“Take Away the Cause and the Effect Ceases”
There are more than 200,000 reported cases of Hypoglycemia a year with 50% of all episodes occurring at night (nocturnal hypoglycemia). The most frequent reported causes of hypoglycemia are:
- a) Too much, excessive dosage of insulin or other oral hypoglycemic medication
- b) Delayed, missed or insufficient Food Intake
- c) Too much or excessive unplanned Exercise or Physical Activity
Hypoglycemia defined as having a circulating Blood Glucose level less than 70 mg/dl followed by a variety of unpleasant physical symptoms. Glucose derived from carbohydrates (CHO) the main source of fuel required not just for the brain but for every organ within the body, as a result, this affects the amount flowing to the brain under certain circumstances. When you consider the muscles, they are the largest organs in the body as well as the biggest users of Glucose under certain conditions will affect the amount of overall glucose circulating within the blood stream.
To illustrate the muscles impact on the body’s fuel source, consider the practice of “Carbohydrate Loading”. Endurance runners and athletes “Carbo Load” prior to each event. They usually will maximize their intake of Carbohydrates (CHO) such as Pasta, Beans, Rice etc. CHO converts into Glucose within the blood stream, however with the aid of “Insulin” glucose enters the Muscles, for fuel, all excess is converted into “Glycogen” (stored form of glucose) for reserves. Throughout the run the muscles are working requiring a steady flow of fuel, starts to pull from the glycogen, which converts back into glucose for constant muscle refueling. This is “Carbohydrate Loading”. If the reserves were not there, the muscles would pull from the small about glucose circulating in the blood stream and as that rapidly depletes to <70 mg/dl the Runner would not finish the race due to Hypoglycemia symptoms. Now can you see the effect of not eating or a delay in eating while exercising has on your body.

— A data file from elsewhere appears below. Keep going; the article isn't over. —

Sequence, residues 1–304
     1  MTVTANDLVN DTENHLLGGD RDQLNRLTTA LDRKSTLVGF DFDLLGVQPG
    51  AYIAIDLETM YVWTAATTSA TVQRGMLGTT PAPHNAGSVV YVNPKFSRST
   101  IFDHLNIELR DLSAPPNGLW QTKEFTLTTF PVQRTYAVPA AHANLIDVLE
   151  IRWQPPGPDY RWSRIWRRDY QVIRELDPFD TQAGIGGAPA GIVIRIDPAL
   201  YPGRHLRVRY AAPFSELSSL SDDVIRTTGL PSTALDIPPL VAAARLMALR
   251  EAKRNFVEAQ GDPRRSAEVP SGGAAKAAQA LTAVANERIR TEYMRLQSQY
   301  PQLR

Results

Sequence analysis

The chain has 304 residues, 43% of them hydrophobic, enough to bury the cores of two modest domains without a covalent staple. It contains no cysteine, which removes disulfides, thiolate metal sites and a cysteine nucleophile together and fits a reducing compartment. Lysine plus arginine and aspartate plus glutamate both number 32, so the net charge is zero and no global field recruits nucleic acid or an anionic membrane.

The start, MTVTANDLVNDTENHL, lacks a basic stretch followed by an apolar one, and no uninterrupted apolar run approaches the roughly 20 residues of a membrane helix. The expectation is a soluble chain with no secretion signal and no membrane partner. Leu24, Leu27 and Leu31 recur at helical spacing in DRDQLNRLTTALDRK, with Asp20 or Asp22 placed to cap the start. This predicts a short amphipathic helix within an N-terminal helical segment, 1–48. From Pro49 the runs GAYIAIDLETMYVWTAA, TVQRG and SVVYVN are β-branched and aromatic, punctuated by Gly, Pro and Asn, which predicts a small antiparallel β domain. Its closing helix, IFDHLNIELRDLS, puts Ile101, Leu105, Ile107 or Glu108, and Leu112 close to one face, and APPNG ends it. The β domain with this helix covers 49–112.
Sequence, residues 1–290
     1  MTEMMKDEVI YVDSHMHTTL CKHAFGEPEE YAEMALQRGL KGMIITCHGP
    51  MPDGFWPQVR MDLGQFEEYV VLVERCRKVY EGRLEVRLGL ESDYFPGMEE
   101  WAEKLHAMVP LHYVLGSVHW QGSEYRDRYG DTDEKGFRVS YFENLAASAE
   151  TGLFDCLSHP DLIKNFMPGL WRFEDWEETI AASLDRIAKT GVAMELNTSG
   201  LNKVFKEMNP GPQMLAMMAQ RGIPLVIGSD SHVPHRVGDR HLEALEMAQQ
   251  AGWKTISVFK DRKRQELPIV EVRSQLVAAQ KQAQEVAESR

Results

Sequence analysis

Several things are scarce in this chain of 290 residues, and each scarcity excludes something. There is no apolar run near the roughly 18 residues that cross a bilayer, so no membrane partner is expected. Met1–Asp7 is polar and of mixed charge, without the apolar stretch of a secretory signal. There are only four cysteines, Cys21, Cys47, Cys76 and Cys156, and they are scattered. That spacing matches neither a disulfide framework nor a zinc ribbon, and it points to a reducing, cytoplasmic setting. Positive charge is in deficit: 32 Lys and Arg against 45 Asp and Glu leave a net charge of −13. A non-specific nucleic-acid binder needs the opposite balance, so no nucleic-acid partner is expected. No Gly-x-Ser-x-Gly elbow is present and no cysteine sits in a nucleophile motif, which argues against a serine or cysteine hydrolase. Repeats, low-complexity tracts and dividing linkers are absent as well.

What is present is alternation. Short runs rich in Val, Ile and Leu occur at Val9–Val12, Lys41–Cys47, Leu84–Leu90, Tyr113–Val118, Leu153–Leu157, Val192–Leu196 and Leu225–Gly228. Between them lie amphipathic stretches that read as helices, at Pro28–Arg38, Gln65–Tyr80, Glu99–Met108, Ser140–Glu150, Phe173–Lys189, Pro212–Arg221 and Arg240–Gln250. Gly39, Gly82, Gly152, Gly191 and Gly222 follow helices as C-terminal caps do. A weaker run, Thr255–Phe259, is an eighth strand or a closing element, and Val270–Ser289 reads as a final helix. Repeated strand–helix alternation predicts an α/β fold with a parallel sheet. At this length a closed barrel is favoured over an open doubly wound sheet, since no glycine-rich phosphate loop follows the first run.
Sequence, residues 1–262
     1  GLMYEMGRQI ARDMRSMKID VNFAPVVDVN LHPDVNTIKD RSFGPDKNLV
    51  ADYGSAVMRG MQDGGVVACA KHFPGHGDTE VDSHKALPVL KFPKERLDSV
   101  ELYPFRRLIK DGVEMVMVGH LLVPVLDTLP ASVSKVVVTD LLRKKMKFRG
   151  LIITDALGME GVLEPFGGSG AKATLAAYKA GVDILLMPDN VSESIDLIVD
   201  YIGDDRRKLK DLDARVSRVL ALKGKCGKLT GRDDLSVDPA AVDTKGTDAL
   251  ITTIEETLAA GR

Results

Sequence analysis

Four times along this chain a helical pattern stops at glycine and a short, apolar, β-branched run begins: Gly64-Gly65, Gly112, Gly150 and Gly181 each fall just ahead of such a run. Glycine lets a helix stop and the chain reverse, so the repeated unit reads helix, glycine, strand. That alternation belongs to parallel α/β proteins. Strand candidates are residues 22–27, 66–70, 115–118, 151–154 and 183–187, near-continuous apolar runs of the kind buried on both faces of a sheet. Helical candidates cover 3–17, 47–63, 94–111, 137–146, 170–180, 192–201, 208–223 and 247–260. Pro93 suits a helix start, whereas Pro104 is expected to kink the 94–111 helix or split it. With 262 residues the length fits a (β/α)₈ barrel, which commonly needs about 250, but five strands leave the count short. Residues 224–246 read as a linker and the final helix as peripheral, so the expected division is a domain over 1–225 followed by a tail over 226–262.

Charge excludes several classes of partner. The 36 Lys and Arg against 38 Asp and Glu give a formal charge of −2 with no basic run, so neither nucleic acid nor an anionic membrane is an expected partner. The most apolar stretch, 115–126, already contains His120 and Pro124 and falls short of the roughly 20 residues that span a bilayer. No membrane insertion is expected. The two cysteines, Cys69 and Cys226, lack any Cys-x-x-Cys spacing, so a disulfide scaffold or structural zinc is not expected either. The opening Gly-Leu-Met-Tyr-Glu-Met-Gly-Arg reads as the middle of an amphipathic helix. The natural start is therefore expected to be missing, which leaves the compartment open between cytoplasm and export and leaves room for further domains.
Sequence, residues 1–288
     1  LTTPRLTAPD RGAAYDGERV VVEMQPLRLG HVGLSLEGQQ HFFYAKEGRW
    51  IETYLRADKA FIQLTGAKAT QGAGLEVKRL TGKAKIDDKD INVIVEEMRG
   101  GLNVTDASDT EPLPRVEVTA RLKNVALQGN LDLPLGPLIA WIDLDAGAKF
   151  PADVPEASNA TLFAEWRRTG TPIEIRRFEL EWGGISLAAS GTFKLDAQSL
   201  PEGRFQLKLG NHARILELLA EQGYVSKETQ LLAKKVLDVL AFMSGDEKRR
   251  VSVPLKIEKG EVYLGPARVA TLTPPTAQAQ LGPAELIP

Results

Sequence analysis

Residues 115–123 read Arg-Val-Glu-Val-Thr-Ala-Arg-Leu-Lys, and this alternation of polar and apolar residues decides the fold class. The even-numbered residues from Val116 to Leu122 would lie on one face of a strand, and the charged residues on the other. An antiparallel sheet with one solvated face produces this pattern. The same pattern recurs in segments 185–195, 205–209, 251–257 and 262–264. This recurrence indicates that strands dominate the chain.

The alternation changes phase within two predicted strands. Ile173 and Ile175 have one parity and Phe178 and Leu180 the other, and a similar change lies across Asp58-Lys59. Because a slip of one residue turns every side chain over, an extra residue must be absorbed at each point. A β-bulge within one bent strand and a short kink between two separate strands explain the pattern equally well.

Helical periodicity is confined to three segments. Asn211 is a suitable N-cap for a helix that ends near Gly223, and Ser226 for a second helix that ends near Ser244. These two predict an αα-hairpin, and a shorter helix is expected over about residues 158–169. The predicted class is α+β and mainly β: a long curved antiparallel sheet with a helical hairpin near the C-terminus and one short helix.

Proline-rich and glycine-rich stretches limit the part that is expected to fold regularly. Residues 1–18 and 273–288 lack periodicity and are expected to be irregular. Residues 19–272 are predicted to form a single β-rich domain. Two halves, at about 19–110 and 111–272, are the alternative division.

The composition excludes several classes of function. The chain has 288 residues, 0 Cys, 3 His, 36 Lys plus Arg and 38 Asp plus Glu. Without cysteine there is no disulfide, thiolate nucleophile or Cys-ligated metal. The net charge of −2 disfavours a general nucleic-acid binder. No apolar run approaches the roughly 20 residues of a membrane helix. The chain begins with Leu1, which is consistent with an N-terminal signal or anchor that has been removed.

Another cause of hypoglycemia is Diabetic medications relative to Food intake and activity. The Insulin Story: By injecting insulin or taking your daily amount of oral hypoglycemic medication without eating is prime for hypoglycemia. Upon injection, insulin will immediately transport the small amount of circulating blood glucose into the organs. In the absence of food (fuel source), glucose levels will start to fall into the danger range of <70mg/dl. This is one reason why some experience shakiness with skipped meals.
PREVENTATIVES: First Determine what is Causing your Hypoglycemia
- Always coordinate the amount of CHO consumed with units of insulin injected. Talk with your health care team regarding your CHO: Insulin (carbohydrate to insulin ratio). Ask about the peak actions of NPH (if you are taking NPH)
- Do not Delay Eating or Skip Meals, or Limit Carbohydrates
- Exercise: There is a 12-24 hour delayed reaction with strenuous exercise. The glycemic effects from an activity performed on Monday will show up on Tuesday, test your levels frequently 12 hours after the activity, treat as needed.
- Beware of Alcohol-consumption without food intake may result in hypoglycemia.
- Continuous Glucose Monitoring is
“When, the Cause of Hypoglycemia is Taken Away then and only then will the Effects (symptoms) Cease. “